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Elizabeth Hutton Turner, senior curator of the Phillips Collection in Washington, D.C., will speak on the art and life of the late 20th-century black American painter Jacob Lawrence 8 p.m. Tuesday, March 12, in the auditorium of Lafayette’s Kirby Hall of Civil Rights.

Sponsored by Lafayette’s Presidential Speaker Series on Diversity, the free, public lecture is part of Lafayette’s celebration of Women’s History Month. Refreshments will be provided.

The Phillips Collection, known as America’s first museum of modern art, opened in 1921 in the home of Duncan Phillips (1886-1966). It is noted for its Impressionist and Post-Impressionist paintings, including Pierre-Auguste Renoir’s icon of Impressionism, Luncheon of the Boating Party, as well as celebrated works by van Gogh, Monet, Degas, Gauguin, and CĂ©zanne.

A specialist in early 20th-century art, Turner is the curator of the traveling exhibition Over the Line: The Art and Life of Jacob Lawrence, currently on view through May 19 at the Detroit Institute of Arts. The show, which was on display at the Whitney Museum of American Art from November through early February, has an accompanying Web-based interactive educational program.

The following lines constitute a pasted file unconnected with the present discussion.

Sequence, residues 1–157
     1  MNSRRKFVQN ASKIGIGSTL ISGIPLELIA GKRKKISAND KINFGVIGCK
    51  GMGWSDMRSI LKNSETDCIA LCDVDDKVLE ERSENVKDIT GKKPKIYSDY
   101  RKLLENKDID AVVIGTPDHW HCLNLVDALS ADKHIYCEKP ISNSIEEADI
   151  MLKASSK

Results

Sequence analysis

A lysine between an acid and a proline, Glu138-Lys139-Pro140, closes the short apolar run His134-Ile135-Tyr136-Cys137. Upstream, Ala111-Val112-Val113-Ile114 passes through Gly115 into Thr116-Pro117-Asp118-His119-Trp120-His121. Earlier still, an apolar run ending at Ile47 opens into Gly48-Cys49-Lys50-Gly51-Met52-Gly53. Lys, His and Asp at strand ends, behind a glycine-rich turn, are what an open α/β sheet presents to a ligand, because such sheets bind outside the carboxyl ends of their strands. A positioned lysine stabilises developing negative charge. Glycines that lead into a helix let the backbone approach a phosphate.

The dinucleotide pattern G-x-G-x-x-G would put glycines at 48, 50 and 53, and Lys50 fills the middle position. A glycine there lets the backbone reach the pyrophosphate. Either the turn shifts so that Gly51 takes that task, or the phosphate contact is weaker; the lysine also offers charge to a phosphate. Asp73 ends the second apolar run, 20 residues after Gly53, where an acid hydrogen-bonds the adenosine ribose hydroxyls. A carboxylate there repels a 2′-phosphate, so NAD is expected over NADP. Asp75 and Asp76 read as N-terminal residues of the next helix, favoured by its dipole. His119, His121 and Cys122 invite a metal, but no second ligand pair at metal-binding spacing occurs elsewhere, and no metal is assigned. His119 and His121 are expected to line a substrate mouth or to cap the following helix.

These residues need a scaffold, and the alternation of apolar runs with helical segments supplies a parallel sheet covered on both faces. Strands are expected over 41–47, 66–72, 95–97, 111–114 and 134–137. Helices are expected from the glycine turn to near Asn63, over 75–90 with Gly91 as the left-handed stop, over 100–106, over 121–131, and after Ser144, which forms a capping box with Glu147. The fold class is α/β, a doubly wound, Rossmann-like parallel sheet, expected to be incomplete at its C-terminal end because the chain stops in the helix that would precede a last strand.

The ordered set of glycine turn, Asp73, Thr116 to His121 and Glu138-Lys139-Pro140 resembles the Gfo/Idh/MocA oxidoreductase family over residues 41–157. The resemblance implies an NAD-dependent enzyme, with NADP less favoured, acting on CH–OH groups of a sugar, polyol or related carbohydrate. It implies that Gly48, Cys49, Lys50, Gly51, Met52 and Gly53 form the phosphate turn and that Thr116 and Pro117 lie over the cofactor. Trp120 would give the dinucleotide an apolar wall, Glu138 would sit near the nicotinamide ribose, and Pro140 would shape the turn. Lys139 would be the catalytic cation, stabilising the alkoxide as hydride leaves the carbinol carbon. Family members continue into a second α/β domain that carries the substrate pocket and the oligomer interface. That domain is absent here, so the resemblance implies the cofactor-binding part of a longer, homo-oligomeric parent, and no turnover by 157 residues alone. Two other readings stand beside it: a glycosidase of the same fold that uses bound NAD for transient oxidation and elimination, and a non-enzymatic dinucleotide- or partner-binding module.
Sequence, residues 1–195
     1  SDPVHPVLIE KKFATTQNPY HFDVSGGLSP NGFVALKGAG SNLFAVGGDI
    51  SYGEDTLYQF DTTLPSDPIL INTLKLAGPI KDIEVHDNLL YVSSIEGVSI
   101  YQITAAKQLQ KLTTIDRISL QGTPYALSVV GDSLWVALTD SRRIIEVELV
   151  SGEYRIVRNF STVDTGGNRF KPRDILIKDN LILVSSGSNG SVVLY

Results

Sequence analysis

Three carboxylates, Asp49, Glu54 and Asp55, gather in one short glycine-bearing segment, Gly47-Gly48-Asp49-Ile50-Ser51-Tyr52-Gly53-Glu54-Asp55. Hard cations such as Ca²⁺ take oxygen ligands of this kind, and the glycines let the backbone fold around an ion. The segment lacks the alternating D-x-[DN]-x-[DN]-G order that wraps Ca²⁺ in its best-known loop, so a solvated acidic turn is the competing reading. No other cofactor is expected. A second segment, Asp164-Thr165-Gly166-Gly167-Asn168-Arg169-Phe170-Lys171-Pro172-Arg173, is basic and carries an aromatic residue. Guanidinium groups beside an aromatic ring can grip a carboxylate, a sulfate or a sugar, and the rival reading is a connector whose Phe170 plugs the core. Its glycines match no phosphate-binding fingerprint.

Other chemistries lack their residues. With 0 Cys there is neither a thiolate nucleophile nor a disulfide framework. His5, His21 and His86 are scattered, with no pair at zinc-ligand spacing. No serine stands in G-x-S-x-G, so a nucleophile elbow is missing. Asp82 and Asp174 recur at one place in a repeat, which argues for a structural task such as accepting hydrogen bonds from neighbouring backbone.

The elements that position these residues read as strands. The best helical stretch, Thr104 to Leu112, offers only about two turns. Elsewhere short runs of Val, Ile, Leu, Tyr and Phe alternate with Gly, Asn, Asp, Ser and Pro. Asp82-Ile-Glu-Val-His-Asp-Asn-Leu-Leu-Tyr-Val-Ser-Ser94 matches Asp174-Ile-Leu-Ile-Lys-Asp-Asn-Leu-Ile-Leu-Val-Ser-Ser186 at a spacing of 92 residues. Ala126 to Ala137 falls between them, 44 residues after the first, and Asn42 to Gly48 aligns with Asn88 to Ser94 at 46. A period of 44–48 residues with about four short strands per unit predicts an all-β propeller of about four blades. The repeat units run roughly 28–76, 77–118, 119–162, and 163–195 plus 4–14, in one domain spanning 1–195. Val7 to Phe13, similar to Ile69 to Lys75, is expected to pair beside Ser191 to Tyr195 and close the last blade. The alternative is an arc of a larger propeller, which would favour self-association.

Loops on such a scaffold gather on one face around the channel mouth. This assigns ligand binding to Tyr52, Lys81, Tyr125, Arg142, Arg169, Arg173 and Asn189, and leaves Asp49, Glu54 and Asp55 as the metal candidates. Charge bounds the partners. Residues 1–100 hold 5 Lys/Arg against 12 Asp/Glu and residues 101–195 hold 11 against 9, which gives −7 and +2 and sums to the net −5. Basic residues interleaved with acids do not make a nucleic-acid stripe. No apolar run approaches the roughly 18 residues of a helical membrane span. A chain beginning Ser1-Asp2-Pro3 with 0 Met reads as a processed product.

Turner is author of an essay in the Jacob Lawrence Catalog Raisonné.

At the Phillips since 1989, Turner has directed a series of traveling exhibitions derived from the permanent collection that address the earliest chapters of the Phillips’collecting history, including Men of Rebellion: The Eight and their Associates at The Phillips Collection; Duncan Phillips Collects: Paris between the Wars; Two Lives: Georgia O’Keeffe and Alfred Stieglitz; Jacob Lawrence: The Migration Series; and In the American Grain: Dove, Hartley, Marin, O’Keeffe, and Stieglitz. Other large loan exhibitions she has directed include Americans in Paris: Man Ray, Gerald Murphy, Stuart Davis, Alexander Calder; Arthur Dove: A Retrospective; and Georgia O’Keeffe: The Poetry of Things.

Turner holds a Ph.D. from the University of Virginia. She was the humanities administrator of the Museum Program for the National Endowment for the Humanities before joining The Phillips Collection.

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